How To Appeal Property Taxes
With property values falling across the US in recent years, it's more important than ever to know how to appeal property taxes. This is especially true for anyone that has recently purchased a foreclosure home, as its assessed value (which is used to calculate property taxes) may be far higher than the true current value of the home.
- Do your research. The first step in how to appeal property taxes is to make sure that you even have a case. What may seem like high property taxes to you could just be average, depending on the part of the country you live in and its property tax system. Most US counties have their property records online now and a Google search for "(Your county) appraisal district" or "(Your county) tax office" will help you find the online Web site for your county where you can search records to find property info and property tax data. If your county doesn't have its information online, you'll need to pay a visit in person to the tax office or appraisal district office.
- What to look for. When researching info for how to appeal property taxes, start with your own home when looking at the county records. Look up what the county appraises your home at and the property taxes assessed, then look up the same information for neighbors or friends. Try to compare apples to apples; if you have a three bedroom, two bath 1,500 sq. ft. house, look up similar houses and note what their property is appraised for and what their taxes are. Be aware that other homeowners may qualify for exemptions that you don't, so they may be paying lower property taxes due to that.
- Build your case. If you still believe you have a case, the next step in how to appeal property taxes is to build your case. In the vast majority of instances where you can successfully appeal property taxes, it's because you recently purchased a home for an amount far below the assessed value the county had assigned to it in the past. This commonly happens with foreclosure sales but can also be because of overall declining values for homes in certain markets. To successfully appeal your case, you'll need to prove that the fair market value you paid for the house is significantly lower than the country's higher assessed value. Research recent sales for similar properties in your area (this can be done at the tax assessors office or county courthouse where all deeds are recorded as well as online in some areas) and compile information that backs up your claim that the assessed value of your home is too high.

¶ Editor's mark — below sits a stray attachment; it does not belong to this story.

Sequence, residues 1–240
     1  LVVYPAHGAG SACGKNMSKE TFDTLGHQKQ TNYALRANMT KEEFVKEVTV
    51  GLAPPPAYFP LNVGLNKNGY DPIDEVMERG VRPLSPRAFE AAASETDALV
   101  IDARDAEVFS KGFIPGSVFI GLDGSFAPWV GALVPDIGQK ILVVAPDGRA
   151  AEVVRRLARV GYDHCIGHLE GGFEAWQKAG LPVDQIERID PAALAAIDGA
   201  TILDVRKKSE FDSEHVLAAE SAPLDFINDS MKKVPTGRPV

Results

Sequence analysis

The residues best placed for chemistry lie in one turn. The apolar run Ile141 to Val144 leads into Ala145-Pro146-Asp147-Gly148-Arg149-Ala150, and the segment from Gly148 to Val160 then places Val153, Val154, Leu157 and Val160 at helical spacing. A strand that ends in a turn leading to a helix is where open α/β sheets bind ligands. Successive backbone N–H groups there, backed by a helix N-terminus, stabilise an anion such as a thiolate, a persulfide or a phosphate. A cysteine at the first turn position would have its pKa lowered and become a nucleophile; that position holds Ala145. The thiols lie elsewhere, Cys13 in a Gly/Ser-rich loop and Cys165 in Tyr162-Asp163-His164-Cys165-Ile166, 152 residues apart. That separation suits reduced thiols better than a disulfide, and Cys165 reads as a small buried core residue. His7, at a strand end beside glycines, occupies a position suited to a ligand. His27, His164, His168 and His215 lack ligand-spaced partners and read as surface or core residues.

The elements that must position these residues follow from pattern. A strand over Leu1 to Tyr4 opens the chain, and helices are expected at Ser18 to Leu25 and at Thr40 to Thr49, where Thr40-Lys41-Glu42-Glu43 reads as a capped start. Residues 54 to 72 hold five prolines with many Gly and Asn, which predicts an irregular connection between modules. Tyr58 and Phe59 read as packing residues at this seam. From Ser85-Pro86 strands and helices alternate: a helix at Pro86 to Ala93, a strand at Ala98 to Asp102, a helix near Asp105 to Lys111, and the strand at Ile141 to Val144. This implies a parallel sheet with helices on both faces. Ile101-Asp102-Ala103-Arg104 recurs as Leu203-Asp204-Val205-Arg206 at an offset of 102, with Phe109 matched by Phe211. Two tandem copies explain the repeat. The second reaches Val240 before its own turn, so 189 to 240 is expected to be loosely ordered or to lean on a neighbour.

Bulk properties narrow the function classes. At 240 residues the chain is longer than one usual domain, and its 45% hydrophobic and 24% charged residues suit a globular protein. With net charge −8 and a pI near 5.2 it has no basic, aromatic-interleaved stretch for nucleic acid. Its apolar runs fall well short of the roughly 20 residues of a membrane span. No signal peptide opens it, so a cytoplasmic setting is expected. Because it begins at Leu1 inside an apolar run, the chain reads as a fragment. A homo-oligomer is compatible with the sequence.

- Present your case. The last step in how to appeal property taxes is to appear before your local county board and make your case. Each county must provide a forum for homeowners to contest their property taxes, so contact your local tax office or appraisal district to find when the next meeting is scheduled. Bring copies of your supporting evidence and state your case. In most counties you'll have to wait for a formal decision as to whether or not your appeal is successful, so it can take a few months after you present your appeal to find out whether it has been granted or not.